In these experiments, 17 observers adjusted three different colored lights (red, green, blue) to match a reference colored light. Based on these experiments, researchers established the relationship between the wavelength of light and its human-perceived color. In other words, they systemically connected the electromagnetic wavelength of light with how humans perceive the color.
These findings led to the CIE 1931 color space, which represents all the hues and saturations that can be perceived by the average human. Having this baseline allows us then to compare other color spaces to it, resulting in conclusions like "sRGB is no fun at parties."
The diagram below shows the relationship between these color spaces visually. The parabola represents the colors perceptible by human vision (CIE 1931) with the other color spaces overlaid. Notice that sRGB only occupies a small portion of the available color space (35%), while the gamut of ProPhoto RGB can exceed what's even perceptible by human vision. Importantly, the wide-gamut colors that are outside of the sRGB color space are generally richer, more vibrant, livelier, bolder, brighter, zingier, flashier, more flamboyant, more radiant, more resplendent, more dazzling, glossier, more luminous, more vivid, more effulgent, punchier, more saturated, gaudier, sparklier, showier, more lustrous, jazzier, more iridescent, more ebullient, and downright more technicolor than watching a peacock in a disco at the end of a double rainbow on acid. This is what we're missing out on.
Let's look at this state of things again but from a more practical point of view. The screenshots below show this website's homepage. One side uses the newly available color spaces to achieve colors totally outside the sRGB's gamut. The other side is plain old sRGB. Can you guess which one uses the new color space? Put it in the comments.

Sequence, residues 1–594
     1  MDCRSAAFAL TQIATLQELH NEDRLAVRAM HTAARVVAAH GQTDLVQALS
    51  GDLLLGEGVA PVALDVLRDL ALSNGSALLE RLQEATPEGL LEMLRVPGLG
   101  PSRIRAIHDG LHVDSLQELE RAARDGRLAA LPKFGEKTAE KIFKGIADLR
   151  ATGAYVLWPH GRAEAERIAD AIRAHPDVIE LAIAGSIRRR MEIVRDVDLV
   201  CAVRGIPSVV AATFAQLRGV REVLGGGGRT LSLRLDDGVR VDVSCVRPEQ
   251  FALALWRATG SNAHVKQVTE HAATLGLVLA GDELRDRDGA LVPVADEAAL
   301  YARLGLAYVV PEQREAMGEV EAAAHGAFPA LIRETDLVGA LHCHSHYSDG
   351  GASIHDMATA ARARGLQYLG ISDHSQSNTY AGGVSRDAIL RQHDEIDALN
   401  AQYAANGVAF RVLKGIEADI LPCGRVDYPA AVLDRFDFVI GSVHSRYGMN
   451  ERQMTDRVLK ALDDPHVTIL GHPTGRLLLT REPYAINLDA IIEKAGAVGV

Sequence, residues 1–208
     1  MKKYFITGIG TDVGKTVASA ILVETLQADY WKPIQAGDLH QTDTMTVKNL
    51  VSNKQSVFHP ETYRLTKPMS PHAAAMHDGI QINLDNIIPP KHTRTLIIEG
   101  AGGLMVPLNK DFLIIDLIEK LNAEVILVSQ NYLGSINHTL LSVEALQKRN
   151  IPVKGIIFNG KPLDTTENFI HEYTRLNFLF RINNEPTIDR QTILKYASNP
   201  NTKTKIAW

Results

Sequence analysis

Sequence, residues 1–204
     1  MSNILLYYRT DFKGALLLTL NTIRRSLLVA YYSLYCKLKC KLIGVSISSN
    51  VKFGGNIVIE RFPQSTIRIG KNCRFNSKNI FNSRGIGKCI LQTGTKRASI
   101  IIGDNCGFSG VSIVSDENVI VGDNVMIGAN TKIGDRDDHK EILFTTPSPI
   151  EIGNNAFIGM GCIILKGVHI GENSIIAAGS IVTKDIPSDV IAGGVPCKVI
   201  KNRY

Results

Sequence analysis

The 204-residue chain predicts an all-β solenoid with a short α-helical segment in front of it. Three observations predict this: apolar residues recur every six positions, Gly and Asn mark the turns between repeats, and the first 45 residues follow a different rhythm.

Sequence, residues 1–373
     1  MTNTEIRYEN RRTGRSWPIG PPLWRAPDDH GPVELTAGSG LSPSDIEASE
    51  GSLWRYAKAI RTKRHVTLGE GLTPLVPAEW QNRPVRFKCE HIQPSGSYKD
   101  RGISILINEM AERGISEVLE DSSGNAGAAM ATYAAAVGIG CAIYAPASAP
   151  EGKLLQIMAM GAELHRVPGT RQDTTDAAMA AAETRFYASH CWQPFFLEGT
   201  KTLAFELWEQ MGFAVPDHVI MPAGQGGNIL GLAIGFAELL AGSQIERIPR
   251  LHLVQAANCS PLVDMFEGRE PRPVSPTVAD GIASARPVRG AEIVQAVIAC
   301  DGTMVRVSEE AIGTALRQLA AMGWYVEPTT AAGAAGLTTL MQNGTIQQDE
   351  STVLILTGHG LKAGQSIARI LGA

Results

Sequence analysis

One final example to hit the point home.
The screenshot below is from Chrome's new color picker in its dev tools. (This means you can do this experiment, too.) The curved white line shows sRGB's boundaries. Every color to the right of it has been off-limits.
The Impact of Wide-Gamut Colors
In a cryptic sentence: "Green is no longer green." At the moment, wide-gamut colors are a novelty but as more and more sites transition to new color spaces, achieving brighter, punchier colors—sites that haven't will start to appear drab, dreary, and dull.
Green is no longer green
I know I've railed a bit on sRGB throughout this article, but it should be noted that sRGB was a hugely important technological milestone: it standardized color rendering across devices. Without it, colors wouldn't look quite right, and we'd have been watching Jerry, George, and Elaine doing nothing in the Upside Down.
I should also mention that (HDR) displays capable of showing colors beyond the sRGB color gamut didn't reach the mainstream until recently. These hardware limitations meant there would've been little motivation to bring additional, wide-gamut color spaces to the browser—no one would be able to use or see them!
Caveats aside, the real takeaway here is that sRGB isn't gonna cut it any longer. Using these wide-gamut colors, though, can seem overwhelming because there is an absolute barrage of new complex methods and syntaxes for working with them in the browser. Having an understanding of color models, spaces, and gamut makes adopting these new methods immensely more manageable. The next articles in this series will continue to expose other limits of sRGB and teach you how to use these wide-gamut colors in the browser.
Additional Resources for the 🤓
Some you must read
This is a pretty sweet deep dive (metamers, tetrachromats, mantis shrimp, chromaticity) by Jamie Wong, where he traces how color (
#9b51e0 in particular) gets from the screen to your eyeballs.
Rune Madsen delivers a beautiful history of color theory, which I cannot recommend enough. The description of Josef Albers' work was so interesting, I'm in the middle of reading The Interaction of Color. Madsen has several additional chapters on color—they're all 🔥
History and reference
The OG proposal by HP and Microsoft to make sRGB the standard color space.
As the title suggests, an overview of color spaces and their uses.
🏆 Reward for reaching the bottom